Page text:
This is Valdis and the Moon Chickens from The Singing Springing Lark. Illustrated by Elle Skinner.
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We bid you a fond farewell and wish all your endings be happy!
Louisa, Elle, and myself have worked on Erstwhile for eight years now, though not all of those years was the series available online as a webcomic. In that time we have tackled twenty-four of our most favorite lesser-known fairy tales and we are quite proud of that work. We agree that it has been an amazing eight years together, but all feel that it is time to say goodbye. We want to move from this structure and possibly branch out with new comics, new fairy tale inspirations, and new adventures. We thank you so much for sharing in this love of fairy tales with us. Thank you all, from the bottom of our hearts!
Over the next few weeks we will be posting some special art leading up to our kickstarter collecting the material for the third and final volume of the series. We hope you will follow us in this final stage of the project. Looking forward to seeing you at the kickstarter!
Just got my copy on Tuesday. If you don’t have this one yet, be sure to pick it up! Franz Xaver von Schönwerth’s lost book of fairy tales in English for the first time! Apparently, his works were thought lost until just a few years ago. They discovered all of these German manuscripts. I do wonder if they’ll release more tales or if this will be the only volume. Either way, it’s very exciting to get to discover new fairy tales from around the same time as the Grimm Brothers!
Hi all! Elle here. It’s been a little while since we posted reviews to the site, but I recently I picked up two new picture books that I thought you guys might enjoy. So! Without further ado, I’d like to recommend:
Since it’s Gaiman and he does all kinds of stories, I should clarify that this IS an all ages picture book so it’s quite short – only about 22 pages of text – but it’s beautifully written and the the illustrations are fantastic. Unlike some of Gaiman’s other fairy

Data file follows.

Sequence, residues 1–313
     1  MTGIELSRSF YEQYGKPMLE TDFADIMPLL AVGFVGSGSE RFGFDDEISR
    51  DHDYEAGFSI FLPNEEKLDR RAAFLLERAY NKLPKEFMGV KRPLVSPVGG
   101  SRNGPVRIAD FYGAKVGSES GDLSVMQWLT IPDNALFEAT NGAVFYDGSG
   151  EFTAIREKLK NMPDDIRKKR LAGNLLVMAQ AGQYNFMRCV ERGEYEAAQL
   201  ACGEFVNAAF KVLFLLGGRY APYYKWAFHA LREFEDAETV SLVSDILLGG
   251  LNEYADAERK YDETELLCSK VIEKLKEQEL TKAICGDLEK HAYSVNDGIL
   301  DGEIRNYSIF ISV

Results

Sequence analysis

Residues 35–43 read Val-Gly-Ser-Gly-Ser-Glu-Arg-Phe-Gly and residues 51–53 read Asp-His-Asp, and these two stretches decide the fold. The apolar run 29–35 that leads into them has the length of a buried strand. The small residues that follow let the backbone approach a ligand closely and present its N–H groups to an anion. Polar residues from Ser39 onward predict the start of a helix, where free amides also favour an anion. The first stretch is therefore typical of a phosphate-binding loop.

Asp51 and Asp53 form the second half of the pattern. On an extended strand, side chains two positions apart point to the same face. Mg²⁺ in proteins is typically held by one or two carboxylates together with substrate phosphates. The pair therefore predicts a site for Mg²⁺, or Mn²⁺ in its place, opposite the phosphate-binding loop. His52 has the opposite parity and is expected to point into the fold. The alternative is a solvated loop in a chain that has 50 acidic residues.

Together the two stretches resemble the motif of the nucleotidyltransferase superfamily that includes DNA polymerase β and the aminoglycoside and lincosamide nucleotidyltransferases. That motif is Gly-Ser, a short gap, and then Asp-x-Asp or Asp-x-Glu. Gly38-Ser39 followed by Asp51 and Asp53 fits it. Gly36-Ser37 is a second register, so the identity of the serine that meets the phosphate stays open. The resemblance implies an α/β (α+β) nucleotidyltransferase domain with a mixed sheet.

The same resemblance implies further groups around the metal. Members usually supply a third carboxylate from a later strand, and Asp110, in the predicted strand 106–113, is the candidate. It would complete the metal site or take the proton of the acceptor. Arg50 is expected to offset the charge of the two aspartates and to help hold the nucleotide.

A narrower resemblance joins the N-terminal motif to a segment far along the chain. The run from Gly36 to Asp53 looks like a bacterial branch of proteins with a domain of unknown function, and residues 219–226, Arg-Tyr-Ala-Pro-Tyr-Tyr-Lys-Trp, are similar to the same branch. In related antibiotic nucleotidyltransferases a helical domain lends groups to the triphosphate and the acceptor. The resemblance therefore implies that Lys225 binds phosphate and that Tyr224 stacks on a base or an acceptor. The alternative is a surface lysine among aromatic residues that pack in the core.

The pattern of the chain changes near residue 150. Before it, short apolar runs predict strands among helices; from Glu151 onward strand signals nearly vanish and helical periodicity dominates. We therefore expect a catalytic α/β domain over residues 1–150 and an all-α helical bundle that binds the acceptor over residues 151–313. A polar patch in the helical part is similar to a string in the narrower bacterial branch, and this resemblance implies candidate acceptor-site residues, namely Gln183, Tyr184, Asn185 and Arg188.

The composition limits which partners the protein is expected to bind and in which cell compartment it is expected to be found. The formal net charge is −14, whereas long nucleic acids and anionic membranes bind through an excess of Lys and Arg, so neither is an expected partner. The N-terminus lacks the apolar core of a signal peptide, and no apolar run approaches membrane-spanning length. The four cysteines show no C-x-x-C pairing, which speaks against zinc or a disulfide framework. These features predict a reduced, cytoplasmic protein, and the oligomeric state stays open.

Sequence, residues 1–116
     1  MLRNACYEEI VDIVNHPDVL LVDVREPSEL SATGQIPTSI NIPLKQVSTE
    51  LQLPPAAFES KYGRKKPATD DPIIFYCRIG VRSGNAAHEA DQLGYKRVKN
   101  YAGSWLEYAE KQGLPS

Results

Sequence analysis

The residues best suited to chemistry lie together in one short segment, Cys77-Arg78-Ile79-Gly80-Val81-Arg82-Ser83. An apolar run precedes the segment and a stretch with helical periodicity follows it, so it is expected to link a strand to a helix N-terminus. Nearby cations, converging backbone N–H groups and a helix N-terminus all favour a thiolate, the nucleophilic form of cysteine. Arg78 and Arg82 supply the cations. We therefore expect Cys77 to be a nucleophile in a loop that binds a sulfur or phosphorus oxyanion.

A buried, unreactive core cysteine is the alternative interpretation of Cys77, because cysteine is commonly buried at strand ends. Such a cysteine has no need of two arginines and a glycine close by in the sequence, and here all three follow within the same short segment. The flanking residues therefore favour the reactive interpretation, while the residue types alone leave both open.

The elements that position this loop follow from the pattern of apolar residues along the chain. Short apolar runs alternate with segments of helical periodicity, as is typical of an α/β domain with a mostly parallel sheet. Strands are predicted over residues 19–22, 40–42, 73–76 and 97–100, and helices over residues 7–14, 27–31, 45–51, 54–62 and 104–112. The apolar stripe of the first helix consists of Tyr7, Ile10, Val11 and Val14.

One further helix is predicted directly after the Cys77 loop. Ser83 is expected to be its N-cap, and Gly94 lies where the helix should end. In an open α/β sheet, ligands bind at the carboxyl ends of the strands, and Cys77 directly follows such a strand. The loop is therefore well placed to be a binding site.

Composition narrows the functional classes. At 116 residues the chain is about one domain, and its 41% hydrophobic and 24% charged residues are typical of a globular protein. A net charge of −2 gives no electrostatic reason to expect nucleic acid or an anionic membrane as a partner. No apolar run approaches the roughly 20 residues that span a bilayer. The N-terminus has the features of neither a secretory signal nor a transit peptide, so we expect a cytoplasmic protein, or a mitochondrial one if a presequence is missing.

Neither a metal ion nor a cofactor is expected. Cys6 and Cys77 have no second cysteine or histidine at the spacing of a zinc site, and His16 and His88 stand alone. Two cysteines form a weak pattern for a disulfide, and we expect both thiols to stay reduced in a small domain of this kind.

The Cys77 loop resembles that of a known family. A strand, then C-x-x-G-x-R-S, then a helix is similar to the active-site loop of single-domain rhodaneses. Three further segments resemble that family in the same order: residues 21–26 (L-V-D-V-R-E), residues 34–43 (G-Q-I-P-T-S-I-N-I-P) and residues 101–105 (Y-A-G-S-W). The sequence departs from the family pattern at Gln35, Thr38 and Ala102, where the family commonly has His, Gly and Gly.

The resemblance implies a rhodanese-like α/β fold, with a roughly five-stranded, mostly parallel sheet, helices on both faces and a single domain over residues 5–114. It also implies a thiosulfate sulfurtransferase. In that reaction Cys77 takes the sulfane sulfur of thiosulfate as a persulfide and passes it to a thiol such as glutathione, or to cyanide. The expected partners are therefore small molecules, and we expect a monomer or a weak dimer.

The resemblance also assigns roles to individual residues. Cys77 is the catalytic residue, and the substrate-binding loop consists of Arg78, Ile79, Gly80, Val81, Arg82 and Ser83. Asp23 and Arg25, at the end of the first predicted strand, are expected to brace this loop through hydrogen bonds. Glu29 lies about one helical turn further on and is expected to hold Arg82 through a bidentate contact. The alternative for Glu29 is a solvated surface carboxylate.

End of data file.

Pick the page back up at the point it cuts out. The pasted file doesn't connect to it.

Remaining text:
tales, this is a straight-forward adaptation of the original story that he embellishes with lots of little details that add nuance to the different characters.
All of the illustrations are black and white ink paintings that are so expressive they’re almost abstract, like looking at the shadows cast by a flickering candle. The setting of the story becomes eerie and overwhelming, really putting the audience in the position of Hansel and Gretel as their tiny silhouettes wander through forests built of large swirling brush strokes.
Schenker is a German artist who does papercraft illustrations, so the illustrations in this book are a combination of collaged papercraft images and laser-cut pages that allow the next page to peek through. It’s a beautiful layering effect that works well with the imagery of a forest. I particularly love the impact of a page of tree silhouettes layered over Red Cap and the Wolf while they talk.
The book is presented like an art object – the cover is a thick archival mattboard, bound along the side with linen thread – and my
copy came wrapped in a clear plastic slipcover to protect it. The overall impact is very elegant! She has a matching Hansel and Gretel
as well, I think I’m going to have to check it out.
As a side note: While I love this book, Schenker’s art is very different from classic fairy tale illustration and may not be to everyone’s taste. I recommend looking at sample pages online before ordering.
Gina is going to be a guest at KATSUCON this Valentine’s Weekend. The convention is in National Harbor, MD, so come out to the Gaylord Hotel and join us. We’d love to have you visit us at our booth and check out our panels! We’ll have tons of merchandise and warm smiles!